Cobots are still considered relatively new to the robotics industry. However, despite their newness, they have been adopted by manufacturers at a rapid rate. Their compact size, safety, and ease of use have made them incredibly appealing. They are a budget friendly alternative to traditional industrial robots and ideal for those just getting started in robotic automation. Their ability to automate processes such as small batch or high mix parts that were not feasible with other industrial robots is another reason for their growth.
In general, collaborative robots feature enhanced safety features that reduce risks to workers. Some may be surprised to learn there are actually four types of cobots with each being categorized by their safety and programming features.
- • Power and Force Limiting - Power and force limiting is the most common type of collaborative robot. These feature embedded sensors giving cobots the ability to sense force and stop operation to avoid collisions. They also feature rounded edges for softer impacts and force limitation. Power and force limiting cobots can be categorized into four sub-categories:
- o Joint Sensing - These are the most common type of force limiting cobots. They feature joint monitoring to detect abnormal forces applied to the cobot. These cobots utilize either force torque sensors in their axes or the current of their motors to detect force. The KUKA lbr iiwa 14-R820 and Universal UR5 are both joint sensing cobots.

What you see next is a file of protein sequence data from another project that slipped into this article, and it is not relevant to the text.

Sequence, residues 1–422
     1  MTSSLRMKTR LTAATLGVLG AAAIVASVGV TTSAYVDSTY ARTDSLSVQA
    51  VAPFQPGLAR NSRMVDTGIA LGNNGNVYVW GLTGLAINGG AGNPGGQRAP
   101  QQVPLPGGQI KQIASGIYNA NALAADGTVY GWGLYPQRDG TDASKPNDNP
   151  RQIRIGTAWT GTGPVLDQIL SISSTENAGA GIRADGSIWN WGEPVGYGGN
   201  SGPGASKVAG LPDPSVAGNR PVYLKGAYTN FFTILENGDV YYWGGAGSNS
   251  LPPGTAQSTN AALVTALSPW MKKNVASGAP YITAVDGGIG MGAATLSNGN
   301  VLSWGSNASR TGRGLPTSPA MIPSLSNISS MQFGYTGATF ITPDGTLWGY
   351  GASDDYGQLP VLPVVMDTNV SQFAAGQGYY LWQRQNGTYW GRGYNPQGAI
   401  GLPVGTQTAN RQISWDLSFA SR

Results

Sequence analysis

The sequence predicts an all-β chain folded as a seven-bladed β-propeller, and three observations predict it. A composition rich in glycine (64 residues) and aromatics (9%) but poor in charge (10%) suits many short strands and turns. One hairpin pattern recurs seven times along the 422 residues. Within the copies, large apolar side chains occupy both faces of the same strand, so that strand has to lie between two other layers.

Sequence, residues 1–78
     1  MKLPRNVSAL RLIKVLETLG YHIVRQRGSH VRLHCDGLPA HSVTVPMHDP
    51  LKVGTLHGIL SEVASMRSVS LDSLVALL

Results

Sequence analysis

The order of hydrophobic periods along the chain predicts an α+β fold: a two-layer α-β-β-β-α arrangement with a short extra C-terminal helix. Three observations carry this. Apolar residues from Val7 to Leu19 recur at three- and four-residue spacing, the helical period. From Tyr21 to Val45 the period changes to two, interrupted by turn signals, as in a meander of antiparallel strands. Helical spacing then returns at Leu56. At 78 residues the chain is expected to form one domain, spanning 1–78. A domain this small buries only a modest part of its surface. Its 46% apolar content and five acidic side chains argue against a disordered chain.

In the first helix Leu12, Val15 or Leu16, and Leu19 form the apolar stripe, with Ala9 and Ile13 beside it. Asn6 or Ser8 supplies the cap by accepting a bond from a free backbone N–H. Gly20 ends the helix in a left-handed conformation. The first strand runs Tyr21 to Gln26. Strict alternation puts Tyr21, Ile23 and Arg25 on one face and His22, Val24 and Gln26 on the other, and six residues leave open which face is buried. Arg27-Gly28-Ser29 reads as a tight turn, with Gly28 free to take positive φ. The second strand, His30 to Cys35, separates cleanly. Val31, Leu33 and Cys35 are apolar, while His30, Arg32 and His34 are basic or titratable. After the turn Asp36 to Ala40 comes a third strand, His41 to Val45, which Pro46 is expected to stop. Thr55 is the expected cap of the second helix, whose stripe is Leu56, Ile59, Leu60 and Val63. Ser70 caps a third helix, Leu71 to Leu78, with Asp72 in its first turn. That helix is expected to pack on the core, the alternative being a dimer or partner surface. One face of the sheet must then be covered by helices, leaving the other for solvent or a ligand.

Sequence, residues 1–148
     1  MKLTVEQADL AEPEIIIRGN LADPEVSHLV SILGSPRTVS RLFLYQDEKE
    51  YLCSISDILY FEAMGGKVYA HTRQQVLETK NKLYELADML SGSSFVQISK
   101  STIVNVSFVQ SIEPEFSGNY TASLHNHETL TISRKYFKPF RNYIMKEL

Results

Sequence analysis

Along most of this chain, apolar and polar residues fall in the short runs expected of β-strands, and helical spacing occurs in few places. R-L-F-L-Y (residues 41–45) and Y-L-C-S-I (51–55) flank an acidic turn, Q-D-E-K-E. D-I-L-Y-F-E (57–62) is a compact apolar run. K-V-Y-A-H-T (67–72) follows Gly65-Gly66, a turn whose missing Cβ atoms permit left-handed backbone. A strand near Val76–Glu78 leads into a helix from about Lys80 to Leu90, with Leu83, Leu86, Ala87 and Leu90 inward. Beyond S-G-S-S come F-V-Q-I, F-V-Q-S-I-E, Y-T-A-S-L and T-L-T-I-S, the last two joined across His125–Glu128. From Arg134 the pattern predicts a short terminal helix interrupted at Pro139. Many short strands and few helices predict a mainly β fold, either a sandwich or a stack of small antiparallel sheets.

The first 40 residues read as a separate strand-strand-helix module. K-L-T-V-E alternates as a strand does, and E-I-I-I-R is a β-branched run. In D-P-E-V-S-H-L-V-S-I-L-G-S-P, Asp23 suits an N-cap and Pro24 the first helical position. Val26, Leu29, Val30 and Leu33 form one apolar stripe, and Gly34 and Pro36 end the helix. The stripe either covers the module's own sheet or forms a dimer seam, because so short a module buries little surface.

- o Force Sensor Base - This type of cobot features a force torque sensor embedded in the robot base to monitor abnormal force. FANUC CR-35ia is part of the force sensor base category. Having the force sensor in the base allows for higher payload cobots (up to 35 kg) to be able to react to small collisions.
- o Skin Sensing - Skin sensing cobots are considered the safest, but this technology is not very common. These cobots utilize tactile sensors to detect force.
- o Inherently Safe - These cobots can use any type of sensor, but what makes them different from others is they are considered to be harmless due to their lack of power. ABB’s YuMi falls under this category with its extremely light payload.
- • Safety Monitored Stop - Cobots that involve minimal human interactions fall under the safety monitored stop category. These types of cobots are usually traditional industrial robots that have been integrated with sensors to stop operation when a person is detected in the work envelope.
- • Speed and Separation - Speed and separation collaborative robots also involve using traditional industrial robots. The difference between these cobots and safety monitored stop cobots is they are integrated with advanced vision systems. These robotic vision systems are used to detect when a human enters the work envelope. The cobot can slow its speed or stop its operation completely if the worker gets too close.
- • Hand Guiding - Hand guiding cobots are those that can be directly controlled by an operator. Hand guided cobots feature an automatic mode in which operators directly control the motion of the cobot by manually guiding it. This allows cobots to assist workers with tasks such as lifting heavy objects. Cobots with hand guidance programming do not fall under this category as programming takes place in teaching mode not automatic mode.